What is a Type in Go?

April 12, 2020

This is the third entry of my weekly series Learning Go. Last week I covered control flow and a few of the primary control structures. I also touched on familiar territory; loops, the for statement, and conditional statements. This week I am diving head-first into types in Go, and what they are most commonly used with.

So, what is a “Type”?

determines the set of values together with operations and methods that are specific to those values

Think of a type like a family. They are a collection of like values, much like a family is a collection of folks who share genetics, traits, etc. In the same way, types can share operations and methods that only that type has access to.

Most commonly used types in Go are as follows:

  • Boolean
  • Numeric
  • String
  • Array
  • Slice
  • Map
  • Struct

These are some more commonly used types, we will cover these in a later post:

  • Pointer
  • Function
  • Interface
  • Channel

Type declaration

To create a new type, you simply use the type keyword:

type (
    LightsaberColor string
)

A new type, LightsaberColor has now been created in your program. A few things to note that is happening in this declaration:

  • this declaration binds an identifier (LightsaberColor) to a type name, string.
  • there are two forms of type declarations, alias declarations and type definitions (the example above is a type definition)

An alias declaration also binds an identifier to the given type, and are not meant for everyday use. Their purpose was to support large refactors involving moving a type between multiple and/or large packages.

You can create an alias declaration like this:

type (
    LightsaberColor = JediLightsaberColor
)

Notice that these types now denote the same type. JediLightsaberColor can now be used as a replacement for LightsaberColor.

Underlying type

Every type has what is called an underlying type. This is essentially the underbelly or the source of types that is bound to the declared type. Let me give you an example:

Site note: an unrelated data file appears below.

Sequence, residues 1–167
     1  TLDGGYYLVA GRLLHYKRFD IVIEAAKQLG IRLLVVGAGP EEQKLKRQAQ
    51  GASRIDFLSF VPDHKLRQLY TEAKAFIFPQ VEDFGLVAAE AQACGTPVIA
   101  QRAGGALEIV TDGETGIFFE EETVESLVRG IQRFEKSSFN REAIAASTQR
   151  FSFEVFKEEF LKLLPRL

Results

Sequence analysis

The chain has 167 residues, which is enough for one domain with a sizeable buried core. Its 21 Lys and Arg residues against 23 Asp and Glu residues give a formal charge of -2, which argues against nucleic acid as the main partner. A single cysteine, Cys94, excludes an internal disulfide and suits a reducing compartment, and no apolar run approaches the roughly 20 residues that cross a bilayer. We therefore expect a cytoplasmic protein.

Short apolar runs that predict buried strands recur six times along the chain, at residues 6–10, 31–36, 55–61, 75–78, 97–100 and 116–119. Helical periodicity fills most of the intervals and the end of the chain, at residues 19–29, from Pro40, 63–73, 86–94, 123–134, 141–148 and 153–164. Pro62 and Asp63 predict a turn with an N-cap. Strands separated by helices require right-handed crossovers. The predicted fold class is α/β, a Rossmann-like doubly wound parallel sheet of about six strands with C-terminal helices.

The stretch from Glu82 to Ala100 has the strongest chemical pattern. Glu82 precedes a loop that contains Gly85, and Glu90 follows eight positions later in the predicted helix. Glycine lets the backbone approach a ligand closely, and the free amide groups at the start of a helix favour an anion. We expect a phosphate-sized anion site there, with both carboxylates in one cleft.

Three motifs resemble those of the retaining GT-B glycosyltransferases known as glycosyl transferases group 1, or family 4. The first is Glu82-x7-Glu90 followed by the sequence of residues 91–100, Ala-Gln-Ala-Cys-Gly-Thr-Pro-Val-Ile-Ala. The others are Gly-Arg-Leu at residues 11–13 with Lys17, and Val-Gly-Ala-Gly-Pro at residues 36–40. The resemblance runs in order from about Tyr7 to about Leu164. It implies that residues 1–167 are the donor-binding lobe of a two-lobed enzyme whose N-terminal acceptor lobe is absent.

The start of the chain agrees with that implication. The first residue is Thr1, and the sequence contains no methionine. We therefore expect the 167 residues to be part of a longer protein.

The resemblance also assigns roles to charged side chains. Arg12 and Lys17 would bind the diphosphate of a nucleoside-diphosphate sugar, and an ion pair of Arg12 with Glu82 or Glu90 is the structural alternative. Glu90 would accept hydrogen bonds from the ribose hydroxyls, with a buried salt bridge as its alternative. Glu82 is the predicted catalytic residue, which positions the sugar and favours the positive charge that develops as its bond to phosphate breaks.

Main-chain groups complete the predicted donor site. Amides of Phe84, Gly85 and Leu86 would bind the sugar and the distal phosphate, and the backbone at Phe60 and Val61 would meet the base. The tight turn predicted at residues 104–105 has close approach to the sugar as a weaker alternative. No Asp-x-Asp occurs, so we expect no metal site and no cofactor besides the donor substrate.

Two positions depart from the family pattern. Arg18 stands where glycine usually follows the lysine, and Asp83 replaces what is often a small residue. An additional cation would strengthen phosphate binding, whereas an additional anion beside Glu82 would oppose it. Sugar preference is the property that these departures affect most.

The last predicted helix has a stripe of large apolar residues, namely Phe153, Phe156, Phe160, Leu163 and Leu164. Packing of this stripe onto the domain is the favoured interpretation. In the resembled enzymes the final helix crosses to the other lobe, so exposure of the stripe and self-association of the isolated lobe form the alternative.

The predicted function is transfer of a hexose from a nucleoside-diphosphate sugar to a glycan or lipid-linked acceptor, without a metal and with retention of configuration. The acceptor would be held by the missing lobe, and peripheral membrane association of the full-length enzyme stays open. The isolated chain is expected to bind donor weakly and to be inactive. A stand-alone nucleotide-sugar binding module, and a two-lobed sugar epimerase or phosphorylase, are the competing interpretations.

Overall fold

type (
    BountyHunter string
)

This underlying type of BountyHunter is string. Common types such as: bool, string, int are called predeclared identifiers. This just means that they are implicitly declared in the universe block (encompasses all Go source text).

Type identity

When discussing types, two can only be identical or different. Let me give you a few examples that will help differentiate the two.

Identical

package main

import (
	"fmt"
)

type (
	Jedi = bool
	Yoda = bool
)

var j Jedi
var y Yoda

func main() {
	fmt.Printf("%T\n", j)
    // bool
	fmt.Printf("%T", y)
    // bool
}
  • Jedi is of the type bool, Yoda is also of type bool. This is also an example of an alias declaration.

Different

package main

import (
	"fmt"
)

type (
	Sith = string
)

type (
	Emperor = Sith
	Yoda    string
)

var s Sith
var e Emperor
var y Yoda

func main() {
	fmt.Printf("%T\n", s)
	// string
	fmt.Printf("%T\n", e)
	// string
	fmt.Printf("%T", y)
	// main.Yoda
}
  • although Yoda and Emperor have the same underlying types, they were created in separate type definitions

Type definitions

creates a new, distinct type with the same underlying type and operations as the given type and binds an identifier to it

Let me break down this definition by showing you how to create a type definition

type (
    HasTheForce bool
)

Here we have done a few things:

  • created a distinct type HasTheForce
  • bound the identifier HasTheForce to it

this distinct type has the same type and its underlying type: bool

Boolean

represents a set of truth values denoted by predeclared constants true and false

Note: the predeclared boolean type is bool

Numeric

represents a set of integers or floating-point values

These types get pretty extensive, for now, I will show the differences between integers and floating-point.

Integers

  • whole numbers, no decimals
package main

import (
	"fmt"
)

func main() {
    x := 42
    fmt.Printf("%T", x)
	// int
}

Floating Point